We all know that, in any circumstances, if you google hard enough you can find someone on the internet to validate you, your wildest dreams or your darkest fears. Nowhere is this more true than in the world of pregnancy and parenting. I thought IVF had toughened me up enough to avoid hunting online for reassurance – but then came parenthood.
This was why I decided that books would be the answer. Good old books. The constancy of the printed word, the solidity of the paper in my hand – surely these would be more reliable? How wrong I was. On the one hand, I was shocked by the casual assumptions and old-fashioned attitudes in some of the child-rearing classics: references to “lazy” baby boys and “feisty” baby girls, casual descriptions of babies' skin as “pink” and deeply unhelpful chapters for, or even about, “the dads”. And, on the other hand, I was confronted by a new crop of titles – the work of the social-media superstars.
The last year or so has brought a flood of new titles from those who have turned parenting into an online art form, with several even in the last week, and they are selling by the wagonload. Are they any more useful than the classics? Are they qualified to be sharing the same space? Or are they merely the Zoella’s Expensive Advent Calendar of the parenting world?
Until now, the advice market had been divided into what Oliver Burkeman brilliantly described as the Baby Trainers and the Natural Parents. There was no shortage of recommendations on either side of the aisle, almost all of them promising the earth for both your baby and your sleep patterns, just as long as you followed them exactly. From Gina Ford’s Contented Little Baby Book to Williams Sears’ Attachment Parenting Book, the advice is plentiful, if often conflicting. Now, the guidance has turned more towards the anecdotal, less “Do this” than “Don’t worry, we made this mistake, too”.
If anything, they are collectively admitting that none of us know what we are doing, and there is huge value in this as you pick the snot from your hair and count how many hours’ sleep you’ve had in the last 36
The strength of the Insta-parent books, such as Parenting the Sh*t Out of Life, The Unmumsy Mum and, more recently, Mum Face, is their tone of voice. They aim to talk to the reader like an equal – they are not patronising you with promises that simply can’t be kept, or bombarding you with developmental goals that will make you feel wretched if your baby doesn’t meet them. If anything, they are collectively admitting that none of us know what we are doing, and there is huge value in this as you pick the snot from your hair and count how many hours’ sleep you’ve had in the last 36. They also deal well with the identity crisis that can come with early motherhood and apply it to a more modern setting than many of the classics. Freelance working, gender stereotyping and same-sex parenting were all well overdue some proper attention.
On the other hand, I sometimes found memoir writing about motherhood, often decades old, incredibly soothing. Titles such as the anthology Gas And Air, or even 1970s parenting icon Sheila Kitzinger’s fascinating autobiography, A Passion For Birth, proved very consoling on days when I simply could not face the more modern chirpiness that occasionally left me feeling awash in a sea of well-dressed, aspirational parenting advice (even if it was telling me funny stories about vomit or nappies).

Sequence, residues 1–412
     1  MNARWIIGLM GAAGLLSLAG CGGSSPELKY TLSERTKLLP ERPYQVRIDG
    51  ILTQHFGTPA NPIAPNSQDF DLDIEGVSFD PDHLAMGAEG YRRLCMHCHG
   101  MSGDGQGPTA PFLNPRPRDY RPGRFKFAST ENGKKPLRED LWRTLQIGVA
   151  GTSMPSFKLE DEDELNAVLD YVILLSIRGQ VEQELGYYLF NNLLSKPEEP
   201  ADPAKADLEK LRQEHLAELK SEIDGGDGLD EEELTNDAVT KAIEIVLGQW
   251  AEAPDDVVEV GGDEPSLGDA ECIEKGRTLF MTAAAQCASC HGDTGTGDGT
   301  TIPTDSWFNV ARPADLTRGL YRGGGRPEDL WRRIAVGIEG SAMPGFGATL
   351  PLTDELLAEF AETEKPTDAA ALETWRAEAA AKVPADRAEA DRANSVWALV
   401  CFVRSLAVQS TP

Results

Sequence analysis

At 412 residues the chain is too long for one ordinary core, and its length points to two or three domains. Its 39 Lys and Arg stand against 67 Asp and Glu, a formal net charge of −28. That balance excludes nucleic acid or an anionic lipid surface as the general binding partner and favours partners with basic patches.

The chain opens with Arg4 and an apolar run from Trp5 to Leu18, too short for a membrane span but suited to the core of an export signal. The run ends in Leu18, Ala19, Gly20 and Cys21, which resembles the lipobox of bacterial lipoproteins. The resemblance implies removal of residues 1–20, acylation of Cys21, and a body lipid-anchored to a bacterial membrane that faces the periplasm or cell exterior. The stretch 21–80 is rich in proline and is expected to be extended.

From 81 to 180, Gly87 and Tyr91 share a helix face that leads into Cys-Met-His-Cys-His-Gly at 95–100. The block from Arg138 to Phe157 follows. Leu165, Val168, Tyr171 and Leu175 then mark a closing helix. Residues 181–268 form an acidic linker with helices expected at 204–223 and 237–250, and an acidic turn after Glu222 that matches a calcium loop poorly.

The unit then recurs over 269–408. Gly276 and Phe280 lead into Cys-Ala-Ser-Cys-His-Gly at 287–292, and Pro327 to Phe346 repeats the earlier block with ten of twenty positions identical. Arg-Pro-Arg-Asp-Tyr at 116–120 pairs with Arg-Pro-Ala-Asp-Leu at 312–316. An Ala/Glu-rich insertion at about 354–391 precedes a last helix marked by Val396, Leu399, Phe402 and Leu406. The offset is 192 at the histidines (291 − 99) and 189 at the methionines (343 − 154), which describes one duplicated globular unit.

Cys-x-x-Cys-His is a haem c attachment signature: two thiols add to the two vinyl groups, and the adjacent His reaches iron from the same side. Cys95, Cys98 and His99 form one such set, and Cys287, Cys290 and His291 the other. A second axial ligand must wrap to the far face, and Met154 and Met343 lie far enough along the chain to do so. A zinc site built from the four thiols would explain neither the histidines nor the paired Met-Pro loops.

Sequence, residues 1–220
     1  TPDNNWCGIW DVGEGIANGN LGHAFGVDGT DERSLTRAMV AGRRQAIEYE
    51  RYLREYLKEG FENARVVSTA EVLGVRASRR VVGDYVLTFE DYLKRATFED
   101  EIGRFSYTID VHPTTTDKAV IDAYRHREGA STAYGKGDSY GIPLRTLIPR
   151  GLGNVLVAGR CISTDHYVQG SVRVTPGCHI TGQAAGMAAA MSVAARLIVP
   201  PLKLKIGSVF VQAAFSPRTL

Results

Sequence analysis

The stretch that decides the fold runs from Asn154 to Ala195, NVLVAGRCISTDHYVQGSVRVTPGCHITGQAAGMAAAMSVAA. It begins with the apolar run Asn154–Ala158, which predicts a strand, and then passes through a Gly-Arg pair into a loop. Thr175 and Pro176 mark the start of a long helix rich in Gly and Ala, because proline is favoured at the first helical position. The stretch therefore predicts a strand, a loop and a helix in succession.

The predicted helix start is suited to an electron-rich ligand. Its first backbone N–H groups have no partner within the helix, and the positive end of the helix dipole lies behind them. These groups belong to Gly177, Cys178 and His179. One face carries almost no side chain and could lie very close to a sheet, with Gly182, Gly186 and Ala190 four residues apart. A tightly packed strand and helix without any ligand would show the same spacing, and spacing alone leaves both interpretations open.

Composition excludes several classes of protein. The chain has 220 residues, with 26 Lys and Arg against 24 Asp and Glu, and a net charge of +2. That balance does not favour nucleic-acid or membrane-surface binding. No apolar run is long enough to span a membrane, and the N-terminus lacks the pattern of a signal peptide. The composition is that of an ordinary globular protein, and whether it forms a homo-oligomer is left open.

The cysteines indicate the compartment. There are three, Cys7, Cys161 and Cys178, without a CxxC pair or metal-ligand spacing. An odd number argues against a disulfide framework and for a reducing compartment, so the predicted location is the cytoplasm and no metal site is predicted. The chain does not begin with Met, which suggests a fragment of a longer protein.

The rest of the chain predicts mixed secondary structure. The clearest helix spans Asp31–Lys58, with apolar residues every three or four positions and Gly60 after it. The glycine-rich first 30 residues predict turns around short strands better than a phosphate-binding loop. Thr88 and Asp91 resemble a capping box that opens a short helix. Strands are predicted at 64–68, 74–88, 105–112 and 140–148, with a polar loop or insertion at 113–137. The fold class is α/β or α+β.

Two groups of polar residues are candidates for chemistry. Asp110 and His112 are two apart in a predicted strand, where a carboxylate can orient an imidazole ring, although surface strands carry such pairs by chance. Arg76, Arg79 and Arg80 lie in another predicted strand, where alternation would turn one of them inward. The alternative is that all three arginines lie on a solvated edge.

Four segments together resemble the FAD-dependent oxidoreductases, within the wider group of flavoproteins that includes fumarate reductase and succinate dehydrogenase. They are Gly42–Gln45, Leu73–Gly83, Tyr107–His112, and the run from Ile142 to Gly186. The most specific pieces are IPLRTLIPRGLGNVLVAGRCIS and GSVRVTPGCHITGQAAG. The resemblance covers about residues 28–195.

And then, there was the small problem of me wanting some actual facts from time to time. While I’m thrilled that we’ve moved away from the rigid, hyper-medicalised, male obstetrician-led approach to childbirth and then parenting that dominated women's experiences until about 30 years ago, I do still love a bit of data. And, yet, how hard facts are to come by. I was a devotee of The Wonder Weeks until I discovered that one of the author’s PhD students had found no evidence for any of the claims in the book, leading him to eventually leave academia. Oh.
It was at this point that I drew up a few simple rules for my reading and am happy to pass them on to you: bin anything that doesn’t explain the data it’s providing – where was the research done, how and by whom? Bin anything that blithely assumes all babies are white or that all men respond the same to parenthood. And bin anything that presents opinion as fact, rather than an accumulation of the author’s experiences. And don’t panic if what you actually want to wallow in is memoir about feeling utterly dislocated and adrift, while also wildly in love. But the main thing I learnt was that very, very few books actually fit these criteria, so mostly... just read work by authors you could face having a coffee with after two hours' sleep. Below are the very few that I would recommend without hesitation.
Low on data but high on empathy, this is the memoir on the overwhelming identity crisis that becoming a mother can be.
An economist by trade, Oster takes a sort of Freakonomics approach to pregnancy, looking at the specifics of the data and research, and analysing what that actually means for the myriad decisions you have to make at that point. Luckily, she is good at spinning a yarn as well and happily admits to her own neuroses while pregnant.
Thrillingly specific about what is actually needed in terms of sleep, food and nappies, this takes the first six months step by step and is an invaluable guide to those first weeks of white-knuckling through every hour.
One of the few regrets I have is that I didn’t record more. I was too tired to write, but did manage to scrawl some notes in this lovely book, which was a gorgeous item to pick up from time to time when even three weeks felt like forever ago.
Winner of the Ted Hughes Award poetry prize, this is all memoir, no fact, but what beautiful writing it is. Elevating the worst of the worst to actual poetry is no mean feat and to do it with such humour is a gift indeed.